Project home weatherization

Today while the little one was napping I decided to “conquer a nagging task”*… or a task that could have easily become a nagging task. I weatherized our windows!

Last fall we spent a good bit of $ on some renovation projects aimed at making our home more energy efficient and healthy. One of the comments from our energy auditor was, “Your windows aren’t good, but they’re the least of your problems.” Great! What a place to start…

We invested in a brand-spanking new and top-of-the-line energy-efficient boiler (replacing our ancient, carbon-monoxide leaking, gas-guzzling one). We got a new roof (turns out letting moisture into your home makes any other updates you do moot… who cares about nice furnishings if you’re letting water destroy the bones of the home?). We had new insulation put in the crawl space in the basement and in the attic. We got a new fan for our bathroom and for our stove. We re-graded the side of our house to keep rainwater moving away from the foundation.

Since those projects more than exhausted our available resources, we couldn’t even think about new windows (although we’ve started to dream about how nice those would be!). The good news is that we did save a hefty sum on our gas bill last winter (in one of the months, the average temperature was about equivalent, we kept the house almost 10 degrees warmer, and we spent $100 less on heating)…. and that’s on top of no longer having dangerous gases leaking in our home. Yay air quality!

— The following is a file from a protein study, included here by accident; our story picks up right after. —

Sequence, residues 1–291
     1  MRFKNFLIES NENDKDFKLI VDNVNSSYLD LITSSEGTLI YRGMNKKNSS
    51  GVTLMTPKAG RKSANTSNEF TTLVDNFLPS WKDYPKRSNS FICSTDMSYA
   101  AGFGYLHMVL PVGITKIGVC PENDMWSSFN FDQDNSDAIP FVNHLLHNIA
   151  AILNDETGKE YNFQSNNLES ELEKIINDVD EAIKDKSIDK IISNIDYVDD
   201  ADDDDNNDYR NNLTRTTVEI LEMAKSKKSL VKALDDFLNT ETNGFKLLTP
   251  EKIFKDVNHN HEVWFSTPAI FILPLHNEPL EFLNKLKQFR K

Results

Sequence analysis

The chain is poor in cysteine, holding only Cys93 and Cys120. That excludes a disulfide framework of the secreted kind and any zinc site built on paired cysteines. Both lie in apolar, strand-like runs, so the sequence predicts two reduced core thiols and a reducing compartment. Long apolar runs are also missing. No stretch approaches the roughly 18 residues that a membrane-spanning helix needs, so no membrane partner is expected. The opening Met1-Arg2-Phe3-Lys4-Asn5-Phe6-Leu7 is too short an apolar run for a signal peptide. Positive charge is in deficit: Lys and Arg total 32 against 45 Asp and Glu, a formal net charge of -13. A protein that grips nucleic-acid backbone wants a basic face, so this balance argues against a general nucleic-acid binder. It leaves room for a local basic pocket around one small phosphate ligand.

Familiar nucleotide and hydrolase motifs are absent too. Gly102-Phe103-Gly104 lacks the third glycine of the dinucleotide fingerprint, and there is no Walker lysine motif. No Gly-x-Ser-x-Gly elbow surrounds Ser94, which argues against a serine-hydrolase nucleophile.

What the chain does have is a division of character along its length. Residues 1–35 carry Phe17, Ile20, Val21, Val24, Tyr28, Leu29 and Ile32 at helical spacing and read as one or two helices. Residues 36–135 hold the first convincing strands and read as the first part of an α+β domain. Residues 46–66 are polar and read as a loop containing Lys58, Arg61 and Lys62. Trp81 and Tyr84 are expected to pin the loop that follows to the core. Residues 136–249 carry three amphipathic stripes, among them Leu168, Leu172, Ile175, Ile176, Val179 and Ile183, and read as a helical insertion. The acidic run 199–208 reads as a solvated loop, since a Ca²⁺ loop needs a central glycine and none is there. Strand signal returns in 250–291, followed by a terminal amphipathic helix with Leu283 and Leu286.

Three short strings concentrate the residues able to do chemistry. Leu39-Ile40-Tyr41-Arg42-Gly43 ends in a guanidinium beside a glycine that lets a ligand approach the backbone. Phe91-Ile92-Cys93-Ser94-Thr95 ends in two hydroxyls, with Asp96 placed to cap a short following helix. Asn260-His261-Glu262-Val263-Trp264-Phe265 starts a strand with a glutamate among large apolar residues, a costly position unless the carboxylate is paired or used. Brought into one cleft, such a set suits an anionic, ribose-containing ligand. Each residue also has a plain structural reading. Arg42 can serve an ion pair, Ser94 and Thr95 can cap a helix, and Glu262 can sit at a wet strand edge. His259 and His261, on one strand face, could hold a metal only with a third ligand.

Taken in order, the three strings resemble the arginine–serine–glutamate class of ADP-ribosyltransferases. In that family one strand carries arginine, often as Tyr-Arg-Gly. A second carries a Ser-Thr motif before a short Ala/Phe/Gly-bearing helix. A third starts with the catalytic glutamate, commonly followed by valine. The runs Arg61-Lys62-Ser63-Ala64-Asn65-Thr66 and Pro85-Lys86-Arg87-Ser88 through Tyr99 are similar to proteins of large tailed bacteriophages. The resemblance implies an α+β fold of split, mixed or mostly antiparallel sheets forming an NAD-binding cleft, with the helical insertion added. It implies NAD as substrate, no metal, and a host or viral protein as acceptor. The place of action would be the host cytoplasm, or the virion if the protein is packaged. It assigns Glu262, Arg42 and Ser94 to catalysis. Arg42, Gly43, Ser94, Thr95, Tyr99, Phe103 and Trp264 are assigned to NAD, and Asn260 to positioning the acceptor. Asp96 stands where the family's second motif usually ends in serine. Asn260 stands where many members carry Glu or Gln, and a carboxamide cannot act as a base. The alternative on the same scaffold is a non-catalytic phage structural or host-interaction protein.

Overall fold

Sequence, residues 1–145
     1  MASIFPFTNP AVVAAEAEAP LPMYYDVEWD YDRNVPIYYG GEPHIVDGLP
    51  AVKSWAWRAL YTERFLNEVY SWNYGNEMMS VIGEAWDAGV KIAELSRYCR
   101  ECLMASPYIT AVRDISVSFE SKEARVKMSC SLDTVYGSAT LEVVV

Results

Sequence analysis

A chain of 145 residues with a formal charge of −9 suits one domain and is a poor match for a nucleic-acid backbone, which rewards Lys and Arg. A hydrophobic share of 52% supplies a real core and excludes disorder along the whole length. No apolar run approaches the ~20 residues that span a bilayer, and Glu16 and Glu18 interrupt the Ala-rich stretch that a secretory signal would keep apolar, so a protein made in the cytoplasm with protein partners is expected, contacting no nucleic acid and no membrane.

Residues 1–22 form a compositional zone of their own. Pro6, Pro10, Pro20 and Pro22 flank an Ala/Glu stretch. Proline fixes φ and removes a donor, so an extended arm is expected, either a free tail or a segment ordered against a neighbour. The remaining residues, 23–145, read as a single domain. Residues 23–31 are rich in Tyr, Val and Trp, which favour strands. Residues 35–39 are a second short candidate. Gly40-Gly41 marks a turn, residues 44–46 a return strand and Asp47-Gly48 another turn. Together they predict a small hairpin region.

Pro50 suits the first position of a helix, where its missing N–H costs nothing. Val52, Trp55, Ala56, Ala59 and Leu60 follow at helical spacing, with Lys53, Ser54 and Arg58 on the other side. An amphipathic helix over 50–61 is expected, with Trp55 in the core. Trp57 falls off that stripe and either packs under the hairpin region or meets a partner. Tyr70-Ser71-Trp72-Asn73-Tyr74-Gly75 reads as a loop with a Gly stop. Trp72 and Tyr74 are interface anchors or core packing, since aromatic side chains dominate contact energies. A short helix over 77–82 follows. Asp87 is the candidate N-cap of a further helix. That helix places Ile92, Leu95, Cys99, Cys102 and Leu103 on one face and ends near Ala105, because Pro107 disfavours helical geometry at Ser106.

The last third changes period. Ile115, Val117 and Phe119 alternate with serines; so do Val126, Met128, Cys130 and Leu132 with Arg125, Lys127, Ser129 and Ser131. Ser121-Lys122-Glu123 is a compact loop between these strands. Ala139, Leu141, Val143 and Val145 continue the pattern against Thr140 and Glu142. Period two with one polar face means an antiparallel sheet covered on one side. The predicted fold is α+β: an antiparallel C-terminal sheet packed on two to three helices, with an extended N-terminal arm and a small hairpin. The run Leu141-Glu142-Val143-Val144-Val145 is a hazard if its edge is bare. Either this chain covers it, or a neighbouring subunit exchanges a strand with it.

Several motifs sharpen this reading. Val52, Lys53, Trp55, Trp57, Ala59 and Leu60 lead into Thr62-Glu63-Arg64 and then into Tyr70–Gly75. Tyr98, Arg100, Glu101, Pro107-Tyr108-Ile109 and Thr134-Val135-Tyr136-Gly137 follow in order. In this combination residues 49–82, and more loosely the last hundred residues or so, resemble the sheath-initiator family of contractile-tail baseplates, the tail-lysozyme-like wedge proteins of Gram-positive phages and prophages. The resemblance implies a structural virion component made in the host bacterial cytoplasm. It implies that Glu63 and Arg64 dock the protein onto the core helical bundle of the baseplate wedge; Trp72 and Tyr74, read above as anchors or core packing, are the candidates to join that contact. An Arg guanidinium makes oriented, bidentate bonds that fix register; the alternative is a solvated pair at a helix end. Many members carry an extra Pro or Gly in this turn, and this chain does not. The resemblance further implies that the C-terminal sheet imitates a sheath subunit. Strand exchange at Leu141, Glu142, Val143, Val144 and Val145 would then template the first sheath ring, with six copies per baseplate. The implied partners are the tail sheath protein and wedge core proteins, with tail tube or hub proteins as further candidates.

The other good news is there are literal “bandaids” that help our drafty windows — those lovely plastic film window kits (like these). I don’t love the process of putting them up — cleaning the window frame, adhering the tape, lining up the plastic, using the hair dryer to shrink the film (okay maybe I like that part), and trimming the excess film (which, by the way, can be recycled alongside your grocery bags and plastic paper towel wrappers at local drop-offs). But the difference is huge — and totally worth it for our heating bills and for the environment.

*This is a reference to Gretchen Rubin’s book the Happiness Project.

It’s not very glamorous….. Home Indoor Air Quality!

That sounds dreadfully boring!

But it’s actually really important, and something that a lot of people (myself included) don’t know a lot about.

After recently learning that our ancient boiler was spilling carbon monoxide over the last few years at least, I began to worry about what other hidden dangers may be lurking in the air in my home. (I tend to worry about the cosmetics concerns of our house…. but what about the invisible dangers?)

While you could bring in an expert to do some tests in your home, there are some basic things that you can do to improve your air quality. These are things I learned from our home energy contractor and some things I found online.

  • Get a carbon monoxide detector and install it! (I think we have one we’ve never installed!)